ST. PAUL — The Minnesota Department of Agriculture has recognized 96 of the state’s dairy farms for superior herd management skills by achieving an average somatic cell count of under 100,000.

Somatic cell count is a key indicator of milk quality. A lower count is better for cheese production and a longer shelf life for bottled milk.

Making the list from area counties was the Dean and Elizabeth Johnson dairy farm in Cottonwood County.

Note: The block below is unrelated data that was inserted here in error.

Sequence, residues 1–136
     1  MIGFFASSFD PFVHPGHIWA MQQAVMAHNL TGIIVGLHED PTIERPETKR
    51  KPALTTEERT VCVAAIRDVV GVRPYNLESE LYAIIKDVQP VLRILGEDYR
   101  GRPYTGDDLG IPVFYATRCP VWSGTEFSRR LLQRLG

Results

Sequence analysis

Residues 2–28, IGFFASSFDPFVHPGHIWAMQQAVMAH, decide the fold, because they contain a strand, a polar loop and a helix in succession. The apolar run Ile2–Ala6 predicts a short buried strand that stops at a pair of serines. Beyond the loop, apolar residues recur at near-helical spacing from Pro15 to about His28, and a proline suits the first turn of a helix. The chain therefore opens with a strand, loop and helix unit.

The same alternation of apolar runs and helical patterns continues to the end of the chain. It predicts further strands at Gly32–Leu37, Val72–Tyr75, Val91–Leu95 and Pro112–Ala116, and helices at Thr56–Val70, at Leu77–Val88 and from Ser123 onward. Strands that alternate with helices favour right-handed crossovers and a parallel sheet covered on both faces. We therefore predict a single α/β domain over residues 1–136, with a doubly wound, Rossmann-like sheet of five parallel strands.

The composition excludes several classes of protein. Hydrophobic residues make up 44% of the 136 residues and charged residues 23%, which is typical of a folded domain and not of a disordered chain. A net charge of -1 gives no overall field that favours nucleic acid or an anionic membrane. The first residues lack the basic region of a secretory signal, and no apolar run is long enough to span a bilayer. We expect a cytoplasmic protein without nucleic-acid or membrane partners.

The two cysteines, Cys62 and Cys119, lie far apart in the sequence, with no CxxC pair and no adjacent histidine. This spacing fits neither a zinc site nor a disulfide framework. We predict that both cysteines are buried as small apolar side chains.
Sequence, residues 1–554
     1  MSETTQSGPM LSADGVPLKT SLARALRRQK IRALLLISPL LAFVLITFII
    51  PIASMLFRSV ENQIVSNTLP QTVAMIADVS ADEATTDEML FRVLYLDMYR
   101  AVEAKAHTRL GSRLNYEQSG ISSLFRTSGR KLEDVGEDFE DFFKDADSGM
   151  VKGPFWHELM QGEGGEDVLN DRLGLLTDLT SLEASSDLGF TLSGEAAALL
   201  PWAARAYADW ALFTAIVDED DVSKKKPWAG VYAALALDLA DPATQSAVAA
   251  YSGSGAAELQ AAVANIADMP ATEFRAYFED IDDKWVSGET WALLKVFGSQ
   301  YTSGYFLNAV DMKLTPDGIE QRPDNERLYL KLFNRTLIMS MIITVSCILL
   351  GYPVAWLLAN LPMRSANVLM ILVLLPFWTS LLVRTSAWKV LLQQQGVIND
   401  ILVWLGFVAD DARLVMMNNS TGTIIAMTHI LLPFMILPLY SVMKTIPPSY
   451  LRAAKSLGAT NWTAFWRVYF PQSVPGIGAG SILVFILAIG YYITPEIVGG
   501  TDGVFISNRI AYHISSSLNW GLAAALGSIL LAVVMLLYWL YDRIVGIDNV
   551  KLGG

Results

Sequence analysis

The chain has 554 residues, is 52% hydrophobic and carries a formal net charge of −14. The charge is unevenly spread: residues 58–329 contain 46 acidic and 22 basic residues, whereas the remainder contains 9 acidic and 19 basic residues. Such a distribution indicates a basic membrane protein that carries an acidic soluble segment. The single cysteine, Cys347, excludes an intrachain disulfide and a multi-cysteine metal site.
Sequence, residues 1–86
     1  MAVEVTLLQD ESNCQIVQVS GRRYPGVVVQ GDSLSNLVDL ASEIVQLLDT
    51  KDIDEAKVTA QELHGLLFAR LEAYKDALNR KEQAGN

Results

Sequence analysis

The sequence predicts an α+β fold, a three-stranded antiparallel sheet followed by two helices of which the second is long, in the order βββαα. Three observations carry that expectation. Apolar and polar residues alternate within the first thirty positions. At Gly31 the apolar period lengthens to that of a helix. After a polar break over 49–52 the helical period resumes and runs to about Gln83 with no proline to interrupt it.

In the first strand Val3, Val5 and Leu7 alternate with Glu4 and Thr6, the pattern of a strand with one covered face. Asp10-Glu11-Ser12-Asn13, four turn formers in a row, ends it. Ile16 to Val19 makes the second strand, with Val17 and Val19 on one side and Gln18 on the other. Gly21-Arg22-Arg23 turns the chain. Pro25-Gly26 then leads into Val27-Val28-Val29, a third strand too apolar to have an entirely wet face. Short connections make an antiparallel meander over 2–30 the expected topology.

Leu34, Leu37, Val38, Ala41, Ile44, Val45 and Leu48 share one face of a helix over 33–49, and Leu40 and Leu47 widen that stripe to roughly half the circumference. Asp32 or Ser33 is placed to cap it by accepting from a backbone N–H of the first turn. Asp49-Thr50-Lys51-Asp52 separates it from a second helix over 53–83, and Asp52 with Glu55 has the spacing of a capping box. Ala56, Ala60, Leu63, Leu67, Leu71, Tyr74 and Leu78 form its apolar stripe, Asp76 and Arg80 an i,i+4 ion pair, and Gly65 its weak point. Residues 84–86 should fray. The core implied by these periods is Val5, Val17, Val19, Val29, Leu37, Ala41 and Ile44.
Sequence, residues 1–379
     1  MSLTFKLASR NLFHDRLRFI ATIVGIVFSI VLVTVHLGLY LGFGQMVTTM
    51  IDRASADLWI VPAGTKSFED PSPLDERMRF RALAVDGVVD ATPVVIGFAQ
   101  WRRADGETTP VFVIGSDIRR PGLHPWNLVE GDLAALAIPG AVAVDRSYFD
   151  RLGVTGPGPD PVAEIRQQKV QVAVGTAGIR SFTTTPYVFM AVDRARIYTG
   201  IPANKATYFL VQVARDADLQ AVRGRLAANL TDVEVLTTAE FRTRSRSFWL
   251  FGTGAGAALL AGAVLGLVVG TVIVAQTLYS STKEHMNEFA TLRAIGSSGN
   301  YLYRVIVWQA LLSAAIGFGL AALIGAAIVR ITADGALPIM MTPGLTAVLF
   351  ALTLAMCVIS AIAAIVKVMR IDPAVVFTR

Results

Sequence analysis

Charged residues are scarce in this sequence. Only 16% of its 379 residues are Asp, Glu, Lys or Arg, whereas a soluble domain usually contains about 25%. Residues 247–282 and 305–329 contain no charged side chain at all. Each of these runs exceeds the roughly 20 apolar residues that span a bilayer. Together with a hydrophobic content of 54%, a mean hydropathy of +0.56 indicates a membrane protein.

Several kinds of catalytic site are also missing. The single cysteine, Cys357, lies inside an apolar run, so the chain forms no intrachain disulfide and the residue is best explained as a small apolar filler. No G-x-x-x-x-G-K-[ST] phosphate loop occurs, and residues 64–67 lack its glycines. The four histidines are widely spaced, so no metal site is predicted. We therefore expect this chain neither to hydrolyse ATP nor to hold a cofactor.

Although somatic cells occur naturally and are not a food safety concern, dairy farmers monitor them because they can be used as a measure of the health of their cows. Processors also pay a premium for milk with low counts. A farmer whose herd has a very low count can receive a significantly higher price per hundredweight compared to a farmer whose herd average is high.

The SCC list of Minnesota dairy farms is online at mda.state.mn.us/lowscc.

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